In a landmark development on Wednesday (May 24), Taiwan’s top court issued a ruling that would pave the way for the island to become the first territory in Asia to legalise same-sex marriage.
10 of the top court’s 14 judges voted to rule that marriage should not be restricted to a man and a woman. The island’s government has two years to implement the ruling, failing which same sex marriages will automatically be allowed.
The ruling saw couples in the country expressing their love for each other in various Instagram, Facebook and Dcard posts, with many hoping to get married after same-sex marriage has been made officially legal in the island.
“I really didn’t come to the wrong place,” writes Cheung Ka-Ying, who moved to Taiwan with her partner three years ago. “I don’t have a lot of friends here, but there’s a lot people who identify as part of the LGBTQ community, or are allies, and my life has been freer than when I was in Hong Kong.”
“Every time there was a pride parade, we’d find a way to attend, because we’d feel comfortable there,” Cheung added. “It felt like I was at home, where you could really be yourself… So many people have faced so many problems, and so much unfairness, and even though marriage equality is now legal, I don’t think [anti-marriage equality activists] will quietly accept so. But we’ve gotten the most basic protections… and now we’ll use our actions to change people’s views for the better.”
Her partner also posted on Instagram:
“You’ll be my wife in two years, and be my partner for life,” Yang, Cheung’s partner, wrote. “Well even though I’m going to marry you, you’re still gonna have to think about how to propose to me.”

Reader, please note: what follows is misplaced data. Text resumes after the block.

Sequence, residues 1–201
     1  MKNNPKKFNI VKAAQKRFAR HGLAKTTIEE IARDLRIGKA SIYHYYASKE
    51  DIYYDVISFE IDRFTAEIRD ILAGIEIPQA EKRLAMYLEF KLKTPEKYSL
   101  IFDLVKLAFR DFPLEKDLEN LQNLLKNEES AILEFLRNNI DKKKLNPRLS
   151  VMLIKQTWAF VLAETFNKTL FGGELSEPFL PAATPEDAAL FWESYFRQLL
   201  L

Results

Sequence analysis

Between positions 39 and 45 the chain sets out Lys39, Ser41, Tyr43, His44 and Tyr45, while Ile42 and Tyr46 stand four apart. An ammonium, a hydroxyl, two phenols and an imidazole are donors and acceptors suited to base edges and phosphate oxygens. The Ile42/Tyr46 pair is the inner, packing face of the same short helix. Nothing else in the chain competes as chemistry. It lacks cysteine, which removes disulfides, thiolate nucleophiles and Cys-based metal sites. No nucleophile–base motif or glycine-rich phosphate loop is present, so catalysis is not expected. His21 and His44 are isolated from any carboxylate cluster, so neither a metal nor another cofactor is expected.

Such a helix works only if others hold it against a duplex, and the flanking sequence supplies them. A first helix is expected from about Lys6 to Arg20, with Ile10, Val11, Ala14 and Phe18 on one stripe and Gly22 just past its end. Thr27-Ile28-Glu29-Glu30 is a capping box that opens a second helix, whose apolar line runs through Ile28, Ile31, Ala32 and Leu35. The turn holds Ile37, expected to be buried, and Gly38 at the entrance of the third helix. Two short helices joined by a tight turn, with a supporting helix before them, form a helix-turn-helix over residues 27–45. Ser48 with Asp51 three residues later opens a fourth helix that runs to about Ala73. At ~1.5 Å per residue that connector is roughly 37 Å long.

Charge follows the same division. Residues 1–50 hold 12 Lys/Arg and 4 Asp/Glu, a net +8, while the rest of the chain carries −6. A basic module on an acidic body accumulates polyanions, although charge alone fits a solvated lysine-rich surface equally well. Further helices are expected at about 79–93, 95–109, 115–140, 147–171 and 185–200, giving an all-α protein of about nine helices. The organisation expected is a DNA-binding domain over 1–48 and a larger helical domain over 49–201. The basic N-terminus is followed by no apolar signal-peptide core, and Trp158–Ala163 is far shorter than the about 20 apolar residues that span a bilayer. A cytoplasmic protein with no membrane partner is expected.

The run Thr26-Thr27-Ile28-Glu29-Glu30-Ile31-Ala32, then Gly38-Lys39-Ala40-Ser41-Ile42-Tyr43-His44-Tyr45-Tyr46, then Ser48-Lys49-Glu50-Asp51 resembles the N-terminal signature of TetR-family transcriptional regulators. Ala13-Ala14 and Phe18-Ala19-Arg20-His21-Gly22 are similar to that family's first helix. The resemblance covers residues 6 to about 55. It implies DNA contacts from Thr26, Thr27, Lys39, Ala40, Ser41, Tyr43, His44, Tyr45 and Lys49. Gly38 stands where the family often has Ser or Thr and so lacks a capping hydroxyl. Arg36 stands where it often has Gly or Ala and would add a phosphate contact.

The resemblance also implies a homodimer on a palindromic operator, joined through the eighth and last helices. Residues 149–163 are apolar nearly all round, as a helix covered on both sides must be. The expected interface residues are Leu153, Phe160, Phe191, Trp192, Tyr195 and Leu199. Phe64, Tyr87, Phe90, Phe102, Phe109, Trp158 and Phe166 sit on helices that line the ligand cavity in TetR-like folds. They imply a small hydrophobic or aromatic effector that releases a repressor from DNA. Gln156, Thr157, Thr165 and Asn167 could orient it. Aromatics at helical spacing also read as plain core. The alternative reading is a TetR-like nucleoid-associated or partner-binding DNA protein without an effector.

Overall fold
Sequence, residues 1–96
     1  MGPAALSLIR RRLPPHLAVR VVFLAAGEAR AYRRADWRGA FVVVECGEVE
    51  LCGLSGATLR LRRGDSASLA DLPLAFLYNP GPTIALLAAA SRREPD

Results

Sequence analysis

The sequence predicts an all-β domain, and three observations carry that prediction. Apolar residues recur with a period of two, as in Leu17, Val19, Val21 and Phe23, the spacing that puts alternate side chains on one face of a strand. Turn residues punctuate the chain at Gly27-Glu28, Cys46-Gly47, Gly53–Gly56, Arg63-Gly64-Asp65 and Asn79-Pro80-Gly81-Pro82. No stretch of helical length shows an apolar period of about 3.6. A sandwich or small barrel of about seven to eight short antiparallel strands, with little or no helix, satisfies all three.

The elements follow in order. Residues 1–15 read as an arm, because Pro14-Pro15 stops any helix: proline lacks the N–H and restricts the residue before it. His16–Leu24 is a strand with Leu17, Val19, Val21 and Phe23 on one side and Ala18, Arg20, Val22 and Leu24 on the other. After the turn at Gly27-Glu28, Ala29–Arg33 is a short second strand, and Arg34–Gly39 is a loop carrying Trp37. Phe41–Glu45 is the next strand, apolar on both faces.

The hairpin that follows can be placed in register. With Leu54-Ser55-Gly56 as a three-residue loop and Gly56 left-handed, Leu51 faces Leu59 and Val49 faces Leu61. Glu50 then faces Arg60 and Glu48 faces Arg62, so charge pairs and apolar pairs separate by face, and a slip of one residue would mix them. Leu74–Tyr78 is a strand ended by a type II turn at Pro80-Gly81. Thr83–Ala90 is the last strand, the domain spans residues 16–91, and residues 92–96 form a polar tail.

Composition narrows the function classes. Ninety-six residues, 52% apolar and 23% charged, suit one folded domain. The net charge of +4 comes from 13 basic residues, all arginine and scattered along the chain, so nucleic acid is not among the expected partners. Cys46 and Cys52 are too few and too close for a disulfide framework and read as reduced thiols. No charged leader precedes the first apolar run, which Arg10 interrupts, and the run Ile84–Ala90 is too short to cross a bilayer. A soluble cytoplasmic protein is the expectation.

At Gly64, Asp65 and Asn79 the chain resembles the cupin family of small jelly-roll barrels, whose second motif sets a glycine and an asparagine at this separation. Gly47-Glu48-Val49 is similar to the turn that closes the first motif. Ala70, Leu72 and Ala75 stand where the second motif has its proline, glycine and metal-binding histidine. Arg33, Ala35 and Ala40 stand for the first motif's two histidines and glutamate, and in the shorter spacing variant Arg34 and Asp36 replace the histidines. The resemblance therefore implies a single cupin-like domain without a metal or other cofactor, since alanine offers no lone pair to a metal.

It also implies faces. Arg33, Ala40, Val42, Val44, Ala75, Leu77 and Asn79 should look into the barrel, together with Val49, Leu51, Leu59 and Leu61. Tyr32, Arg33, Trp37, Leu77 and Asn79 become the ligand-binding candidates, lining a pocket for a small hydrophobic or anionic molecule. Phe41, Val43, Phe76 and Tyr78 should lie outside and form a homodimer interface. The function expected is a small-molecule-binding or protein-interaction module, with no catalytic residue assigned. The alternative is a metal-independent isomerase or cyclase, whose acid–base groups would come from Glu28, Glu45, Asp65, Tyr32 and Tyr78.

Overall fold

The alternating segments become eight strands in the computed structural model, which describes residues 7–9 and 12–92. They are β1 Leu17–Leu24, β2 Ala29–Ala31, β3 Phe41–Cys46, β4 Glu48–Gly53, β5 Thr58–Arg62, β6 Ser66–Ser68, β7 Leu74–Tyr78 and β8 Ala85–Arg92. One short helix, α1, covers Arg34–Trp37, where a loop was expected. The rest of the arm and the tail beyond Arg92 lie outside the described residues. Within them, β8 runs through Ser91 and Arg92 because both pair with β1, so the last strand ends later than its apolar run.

“Congrats that marriage equality is going to be legal! If we marry, will you come to our wedding?” Wu Wei-jie writes.
To which people reply:
“Wu Wei-jie, this is too awesome!”
“We’ll get to be together, officially, after two years!” says Lean Hu. “I’m just waiting for Ting [Hu’s partner] to propose to me!”
“Dearie, we’d get to marry soon! Marriage equality isn’t a dream,” writes Lin.
“After studying four and a half years of law, today’s judgement from the Grand Justices remain my most unforgettable constitutional ruling,” writes this couple, who have been together for 15 years and wed informally in 2011. “Even with the rain, we’ve seen rainbows tonight. Tomorrow is a better place, if we love, and continue believing in love.”
Even more accounts of love flooded Dcard, an anonymous confessions portal similar to Whisper:
“I’m marrying you,” writes this anonymous poster. “I was just worrying how I could get a green card to the U.S. so we could marry, but the ruling today made us both want to cry.”
“I’ll definitely propose in five years. You probably can’t see this, but this is a promise to myself, and I’ll bring this to you and tell you that I’d always wanted to marry you. Wait for me.”
“We just graduated this year, and got into two different Masters’ programs,” said this poster. “We’ll head into a long distance relationship [between Hsinchu and Taipei] in a month – and so we’ve been treasuring the time we spend together.”
“Just so happened that the ruling came out today. It’s like a new milestone, maybe we’ll both be getting our Masters’ degrees then. So I told [my partner]: ‘When we graduate, please marry me!'” she adds.
“My mother congratulated me today,” this anonymous user from Tunghai University said. “She told me there was something important, and showed me the news about the ruling… and she congratulated me.”
“You can finally marry a wife,” she quoted her mother as saying. “You can be with the woman you love, be together, legally, in this country… My daughter can put on her identity card the name of the person she loves.”
“You have to be responsible, and take care of me and your wife,” her mother added. “If I like your girlfriend, and if you’re ready, I’ll definitely hold a wedding for you! A big banquet where everyone is there.”
“I just felt emotional when she said that,” the user added. “But I’m single! Please introduce someone to me. Thank you mum. Oddly, you’re happier than me over this.”
More From this publisher : HERE